I believe that is the way we grow in grace. When the Holy Ghost begins to teach a child of God and to lead him into the school of grace, He shows him first of all two strange sights. I am speaking now of a real, regenerated child of God, one who has had his sins forgiven, one who has felt his calling and election sure. But he must also know something else. Isaiah of old saw a vision; it is set forth in the 6th chapter of his prophecy. “In the year that King Uzziah died, I saw also the Lord sitting upon a throne, high and lifted up, and His train filled the temple.” He saw a vision of God. Did that vision make him feel holy? No, and if you get a vision of God, you will cry out as Isaiah did: “Woe is me, for I am undone, for I am a man of unclean lips, and I dwell in the midst of a people of unclean lips, for mine eyes have seen the King, the Lord of hosts.” I believe every child of God is led by the Spirit to see what he is in himself, a wretched wanderer from God, defiled from head to foot by sin, no soundness in him. I am sure, my dear friends, that every one of us has a certain amount of carnal religion wrapped around us, but when we get such a vision as this we are stripped naked in the sight of a holy God. The soul that is led through such an experience as this strives to come to God, strives to feel as he once felt before, and wonders if he has ever really loved the LORD at all; and I believe that it is at such a time as this that the bitter cry goes out from his heart, “O that I knew where I might find Him!” He cannot understand himself, he, believes the LORD has forsaken him, he goes here and there, and is a mystery to himself and everybody about him; no one can understand him but God. You know. Job asked the question, “Why is light given to a man whose way is hid, and whom God hath hedged in?” and it was a question that Job himself could not answer. No doubt some of you will think that this is setting forth strange experience, but I believe, more or less, that the true-born sheep of Christ have to be taught by these severe methods that they are in themselves as weak as worms.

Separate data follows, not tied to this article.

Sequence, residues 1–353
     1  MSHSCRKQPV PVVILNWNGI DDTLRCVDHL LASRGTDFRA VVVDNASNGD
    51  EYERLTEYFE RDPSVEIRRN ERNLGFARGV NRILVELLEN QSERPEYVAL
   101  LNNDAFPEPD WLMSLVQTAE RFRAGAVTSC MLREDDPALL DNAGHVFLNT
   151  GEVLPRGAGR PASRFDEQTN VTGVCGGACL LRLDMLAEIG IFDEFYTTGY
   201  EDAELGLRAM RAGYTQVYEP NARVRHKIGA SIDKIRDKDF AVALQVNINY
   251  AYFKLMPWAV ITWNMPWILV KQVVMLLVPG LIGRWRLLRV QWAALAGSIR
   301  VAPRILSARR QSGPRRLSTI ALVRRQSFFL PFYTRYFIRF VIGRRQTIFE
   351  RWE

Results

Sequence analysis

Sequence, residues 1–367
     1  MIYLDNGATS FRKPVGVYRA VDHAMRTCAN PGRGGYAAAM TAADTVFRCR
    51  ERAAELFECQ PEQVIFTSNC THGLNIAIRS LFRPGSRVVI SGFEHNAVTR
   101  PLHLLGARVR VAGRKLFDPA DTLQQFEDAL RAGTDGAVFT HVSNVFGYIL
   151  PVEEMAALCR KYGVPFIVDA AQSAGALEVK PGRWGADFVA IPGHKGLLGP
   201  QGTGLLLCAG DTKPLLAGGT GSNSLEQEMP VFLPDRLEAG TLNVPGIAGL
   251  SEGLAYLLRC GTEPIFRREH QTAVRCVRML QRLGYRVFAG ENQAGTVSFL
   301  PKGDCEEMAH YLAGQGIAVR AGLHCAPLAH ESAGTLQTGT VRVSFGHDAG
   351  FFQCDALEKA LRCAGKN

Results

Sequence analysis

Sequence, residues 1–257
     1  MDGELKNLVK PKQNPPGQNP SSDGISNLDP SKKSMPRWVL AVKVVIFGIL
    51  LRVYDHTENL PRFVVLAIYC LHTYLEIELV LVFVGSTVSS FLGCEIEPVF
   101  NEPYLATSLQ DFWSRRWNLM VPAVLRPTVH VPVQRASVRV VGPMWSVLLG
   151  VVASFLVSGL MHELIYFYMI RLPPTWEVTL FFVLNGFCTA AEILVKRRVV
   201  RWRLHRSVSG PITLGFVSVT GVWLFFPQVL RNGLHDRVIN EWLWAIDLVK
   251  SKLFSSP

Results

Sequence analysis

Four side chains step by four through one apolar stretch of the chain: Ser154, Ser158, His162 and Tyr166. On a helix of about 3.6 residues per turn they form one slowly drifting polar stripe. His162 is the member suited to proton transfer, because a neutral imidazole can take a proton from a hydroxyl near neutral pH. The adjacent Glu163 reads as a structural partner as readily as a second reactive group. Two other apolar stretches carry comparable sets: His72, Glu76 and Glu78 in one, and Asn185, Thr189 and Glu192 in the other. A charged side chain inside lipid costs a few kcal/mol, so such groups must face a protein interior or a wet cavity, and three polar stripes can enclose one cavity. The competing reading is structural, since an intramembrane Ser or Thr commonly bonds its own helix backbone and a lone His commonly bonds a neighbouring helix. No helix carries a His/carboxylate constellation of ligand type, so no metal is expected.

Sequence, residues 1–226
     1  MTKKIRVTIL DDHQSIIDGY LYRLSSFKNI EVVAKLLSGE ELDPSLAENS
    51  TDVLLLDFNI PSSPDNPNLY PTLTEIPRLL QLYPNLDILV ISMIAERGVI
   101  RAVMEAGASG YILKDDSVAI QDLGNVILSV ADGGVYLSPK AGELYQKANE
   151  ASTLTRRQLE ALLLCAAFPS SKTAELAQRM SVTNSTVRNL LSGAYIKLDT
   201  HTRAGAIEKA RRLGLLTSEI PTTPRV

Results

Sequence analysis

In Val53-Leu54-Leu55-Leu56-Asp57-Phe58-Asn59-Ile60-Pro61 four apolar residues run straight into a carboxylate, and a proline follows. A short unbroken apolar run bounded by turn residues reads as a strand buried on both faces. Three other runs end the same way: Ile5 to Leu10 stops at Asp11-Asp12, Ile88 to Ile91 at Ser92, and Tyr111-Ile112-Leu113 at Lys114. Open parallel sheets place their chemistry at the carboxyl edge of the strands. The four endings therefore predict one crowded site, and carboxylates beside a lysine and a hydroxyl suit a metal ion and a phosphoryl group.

I believe it was Mr. Philpot who said, “To bring a man to this state he has to be nearly bled to death.” The flesh always wants to find out a smooth path, and always wants to go its own way. The Spirit of God works absolutely contrary to the ways of the flesh.